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FOREIGN INVESTMENT ANALYSIS TWO METHODS OF INTERNATIONAL CAPITAL BUDGETING THE COST OF CAPITAL (COC), COC PARITY SOURCES OF INVESTMENT FUNDS SIGNIFICANCE.

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Presentation on theme: "FOREIGN INVESTMENT ANALYSIS TWO METHODS OF INTERNATIONAL CAPITAL BUDGETING THE COST OF CAPITAL (COC), COC PARITY SOURCES OF INVESTMENT FUNDS SIGNIFICANCE."— Presentation transcript:

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2 FOREIGN INVESTMENT ANALYSIS TWO METHODS OF INTERNATIONAL CAPITAL BUDGETING THE COST OF CAPITAL (COC), COC PARITY SOURCES OF INVESTMENT FUNDS SIGNIFICANCE OF SEGMENTED CAPITAL MARKETS

3 Fred ThompsonInternational Financing2 Net Present Value (NPV) NPV is the present value of future cash flows minus the initial net cash outlay for the project discounted at the projects cost of capital. Assuming the goal of maximizing shareholder wealth, any project with a positive NPV that cannot be delayed or can be undone (at low or no cost) and that doesnt preempt a more attractive project should be pursued. Generally, the source of financing is irrelevant to the investment decision.

4 Fred ThompsonInternational Financing3 Upside to NPV Evaluates investment in the same manner as a companys shareholders. –Focuses in on cash and not accounting profits –Emphasizes the opportunity cost of the money invested.

5 Fred ThompsonInternational Financing4 Downside to NPV The project with highest NPV may also consume the most resources. Therefore, you should look to the best combination of positive NPV projects that yield the highest NPV given your investment constraints.

6 Fred ThompsonInternational Financing5 Difficulties with NPV Estimating cash flows. –The cost of the project –The cash inflows during the life of the project (especially hard where there are relevant spillovers -- cannibalization or sales creation) –The terminal or ending values of the project.

7 Fred ThompsonInternational Financing6 Cannibalization When a new product takes sales from a companys existing products. –Sometimes difficult to assess the magnitude of cannibalization that will occur.

8 Fred ThompsonInternational Financing7 Sales Creation The opposite of cannibalization. –Same problem: Difficult to estimate.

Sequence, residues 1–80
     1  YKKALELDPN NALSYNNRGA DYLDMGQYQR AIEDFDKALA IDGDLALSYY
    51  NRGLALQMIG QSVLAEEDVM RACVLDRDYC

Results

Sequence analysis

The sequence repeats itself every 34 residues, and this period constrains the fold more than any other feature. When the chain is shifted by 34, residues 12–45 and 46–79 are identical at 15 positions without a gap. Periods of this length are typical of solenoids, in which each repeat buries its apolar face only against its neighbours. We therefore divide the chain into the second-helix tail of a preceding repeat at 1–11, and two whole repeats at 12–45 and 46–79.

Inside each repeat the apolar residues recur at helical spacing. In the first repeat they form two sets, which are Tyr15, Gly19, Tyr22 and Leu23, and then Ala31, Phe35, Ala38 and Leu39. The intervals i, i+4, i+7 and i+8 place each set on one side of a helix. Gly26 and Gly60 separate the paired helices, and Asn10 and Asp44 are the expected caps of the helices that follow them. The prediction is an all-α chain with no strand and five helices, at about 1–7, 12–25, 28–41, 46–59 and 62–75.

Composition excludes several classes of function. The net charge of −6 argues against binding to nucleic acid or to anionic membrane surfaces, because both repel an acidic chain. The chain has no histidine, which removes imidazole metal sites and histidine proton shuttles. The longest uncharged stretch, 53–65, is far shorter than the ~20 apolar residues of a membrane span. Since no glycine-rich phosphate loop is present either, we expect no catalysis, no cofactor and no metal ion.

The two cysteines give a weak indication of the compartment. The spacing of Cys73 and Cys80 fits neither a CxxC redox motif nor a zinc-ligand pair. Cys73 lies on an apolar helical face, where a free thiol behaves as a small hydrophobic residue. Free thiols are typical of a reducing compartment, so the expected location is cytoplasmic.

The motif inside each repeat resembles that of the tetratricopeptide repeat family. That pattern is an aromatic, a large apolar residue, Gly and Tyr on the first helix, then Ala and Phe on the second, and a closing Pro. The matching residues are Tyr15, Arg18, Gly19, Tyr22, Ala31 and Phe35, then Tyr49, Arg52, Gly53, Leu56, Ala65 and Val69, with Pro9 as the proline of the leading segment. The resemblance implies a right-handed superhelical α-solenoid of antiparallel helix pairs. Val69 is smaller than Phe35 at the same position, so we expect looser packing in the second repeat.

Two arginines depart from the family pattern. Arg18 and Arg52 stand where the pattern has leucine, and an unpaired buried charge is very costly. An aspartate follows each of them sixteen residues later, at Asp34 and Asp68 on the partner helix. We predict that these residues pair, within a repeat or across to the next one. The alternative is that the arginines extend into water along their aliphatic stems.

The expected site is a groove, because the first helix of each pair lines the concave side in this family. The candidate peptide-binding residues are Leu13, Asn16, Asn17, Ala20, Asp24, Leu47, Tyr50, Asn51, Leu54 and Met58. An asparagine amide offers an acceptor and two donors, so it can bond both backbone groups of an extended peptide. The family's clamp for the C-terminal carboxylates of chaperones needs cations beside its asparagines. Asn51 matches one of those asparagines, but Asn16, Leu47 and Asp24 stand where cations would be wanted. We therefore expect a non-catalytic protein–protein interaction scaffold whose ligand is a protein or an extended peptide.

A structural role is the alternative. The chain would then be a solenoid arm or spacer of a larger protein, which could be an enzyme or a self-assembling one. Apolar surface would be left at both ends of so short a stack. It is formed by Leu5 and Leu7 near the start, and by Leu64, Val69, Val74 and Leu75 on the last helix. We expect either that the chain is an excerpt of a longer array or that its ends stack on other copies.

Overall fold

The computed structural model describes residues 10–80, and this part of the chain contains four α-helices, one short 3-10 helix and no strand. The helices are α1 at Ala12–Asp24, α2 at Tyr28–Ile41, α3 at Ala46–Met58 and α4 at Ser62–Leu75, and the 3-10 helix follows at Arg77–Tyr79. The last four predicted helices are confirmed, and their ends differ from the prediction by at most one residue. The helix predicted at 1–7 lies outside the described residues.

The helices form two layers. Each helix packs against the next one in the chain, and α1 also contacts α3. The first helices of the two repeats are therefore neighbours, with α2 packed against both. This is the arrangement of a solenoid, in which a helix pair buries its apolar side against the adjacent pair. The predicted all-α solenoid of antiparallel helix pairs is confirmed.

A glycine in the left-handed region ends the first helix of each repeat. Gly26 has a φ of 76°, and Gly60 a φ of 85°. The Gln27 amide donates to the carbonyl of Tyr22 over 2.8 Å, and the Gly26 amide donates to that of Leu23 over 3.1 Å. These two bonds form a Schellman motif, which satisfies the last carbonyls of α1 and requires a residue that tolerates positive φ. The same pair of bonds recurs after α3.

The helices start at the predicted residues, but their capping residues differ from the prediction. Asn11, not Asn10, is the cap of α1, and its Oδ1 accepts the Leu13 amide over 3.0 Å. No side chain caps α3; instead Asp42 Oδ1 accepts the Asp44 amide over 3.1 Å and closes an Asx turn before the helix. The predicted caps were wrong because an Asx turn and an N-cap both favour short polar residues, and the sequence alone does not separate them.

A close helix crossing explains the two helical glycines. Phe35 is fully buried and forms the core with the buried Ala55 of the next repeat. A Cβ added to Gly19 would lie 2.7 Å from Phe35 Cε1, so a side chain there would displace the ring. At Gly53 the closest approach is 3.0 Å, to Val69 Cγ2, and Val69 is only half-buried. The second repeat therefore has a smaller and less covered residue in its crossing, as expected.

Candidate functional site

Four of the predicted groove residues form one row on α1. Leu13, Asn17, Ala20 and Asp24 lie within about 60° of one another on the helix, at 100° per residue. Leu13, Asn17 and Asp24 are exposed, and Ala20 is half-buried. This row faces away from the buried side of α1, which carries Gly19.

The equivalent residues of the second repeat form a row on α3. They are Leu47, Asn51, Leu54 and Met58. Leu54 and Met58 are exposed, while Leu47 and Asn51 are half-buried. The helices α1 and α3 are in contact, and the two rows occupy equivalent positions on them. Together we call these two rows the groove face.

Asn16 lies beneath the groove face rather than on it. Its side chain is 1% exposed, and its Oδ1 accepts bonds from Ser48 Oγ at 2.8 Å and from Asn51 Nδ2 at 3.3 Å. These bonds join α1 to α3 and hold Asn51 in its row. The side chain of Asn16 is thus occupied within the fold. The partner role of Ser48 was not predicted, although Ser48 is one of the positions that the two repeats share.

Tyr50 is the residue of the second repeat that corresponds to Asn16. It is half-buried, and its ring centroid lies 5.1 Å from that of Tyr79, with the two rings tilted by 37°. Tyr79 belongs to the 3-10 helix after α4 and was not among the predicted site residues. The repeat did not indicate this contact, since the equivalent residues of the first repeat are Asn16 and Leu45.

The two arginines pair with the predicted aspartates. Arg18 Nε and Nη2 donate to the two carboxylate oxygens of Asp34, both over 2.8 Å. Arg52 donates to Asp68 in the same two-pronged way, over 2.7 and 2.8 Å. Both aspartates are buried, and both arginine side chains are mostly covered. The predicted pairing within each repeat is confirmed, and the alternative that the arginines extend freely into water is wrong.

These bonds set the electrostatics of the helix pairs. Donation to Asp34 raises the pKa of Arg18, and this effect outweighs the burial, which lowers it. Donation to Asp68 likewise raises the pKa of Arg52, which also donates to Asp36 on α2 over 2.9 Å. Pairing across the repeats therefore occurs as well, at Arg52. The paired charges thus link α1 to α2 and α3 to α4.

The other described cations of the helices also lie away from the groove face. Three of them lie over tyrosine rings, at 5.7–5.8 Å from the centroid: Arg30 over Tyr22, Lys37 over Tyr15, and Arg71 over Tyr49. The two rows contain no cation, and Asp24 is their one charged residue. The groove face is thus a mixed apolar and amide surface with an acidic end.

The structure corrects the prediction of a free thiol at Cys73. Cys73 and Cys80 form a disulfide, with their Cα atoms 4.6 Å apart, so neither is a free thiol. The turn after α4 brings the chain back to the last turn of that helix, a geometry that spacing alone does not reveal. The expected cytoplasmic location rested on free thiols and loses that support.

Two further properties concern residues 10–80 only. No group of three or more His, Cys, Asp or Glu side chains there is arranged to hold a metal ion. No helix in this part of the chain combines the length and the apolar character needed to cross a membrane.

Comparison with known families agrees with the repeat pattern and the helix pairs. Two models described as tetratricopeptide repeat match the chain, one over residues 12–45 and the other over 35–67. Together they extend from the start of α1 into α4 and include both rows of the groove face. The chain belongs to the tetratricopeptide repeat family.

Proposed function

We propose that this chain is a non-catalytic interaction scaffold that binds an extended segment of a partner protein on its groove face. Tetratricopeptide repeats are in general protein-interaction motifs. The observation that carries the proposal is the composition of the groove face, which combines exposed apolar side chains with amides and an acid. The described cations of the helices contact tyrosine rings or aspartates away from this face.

9 Fred ThompsonInternational Financing8 Opportunity Cost Project costs must include the true economic cost of any resource required for the project. –Example: IBM in Brazil Transfer Pricing –The prices at which goods and services are traded internally within an organization. –Example: Ford motors

10 Fred ThompsonInternational Financing9 Competition Ignore it and youll lose. Key question to be asked! –What will happen if we dont make this investment? The rule is simple: –If you must be the victim of a cannibal, make sure the cannibal is a member of your family.

11 Fred ThompsonInternational Financing10 Intangible Benefits Difficult to measure. Efficiency Brand Name Presence In Foreign Country Improved Supplier Networks

12 CAPITAL BUDGETING FOR THE MULTINATIONAL CORPORATION Multinational corporations have more opportunities but also face many problems that domestic businesses do not have to worry about

13 Fred ThompsonInternational Financing12 Why FDI over Portfolio or Intermediated Investment? For FDI to be considered, the foreign investor must view:r* FDI > r* PI,II From the perspective of the host country, it must be the case that: r* FDI > r* local investment But these inequalities are the same, since local investors will equate: r* PI, II = r* local investment

14 Fred ThompsonInternational Financing13 What Makes the Return on FDI greater than that on PI or II? In other words, how do foreign corporations outperform domestic ones on the latters home turf? Especially considering the foreign firm must incur additional costs of travel, communication, and monitoring......and the foreign firm must contend with unfamiliar legal, distributing, and accounting systems. Thus, an understanding of FDI must identify what overcompensating advantage a foreign firm has over domestic competition, making returns to FDI greater than those to Portfolio or Intermediated Investment.

15 Fred ThompsonInternational Financing14 What Explains Locational Patterns of FDI? What are some reasons certain countries are chosen over others as targets for multinational investment?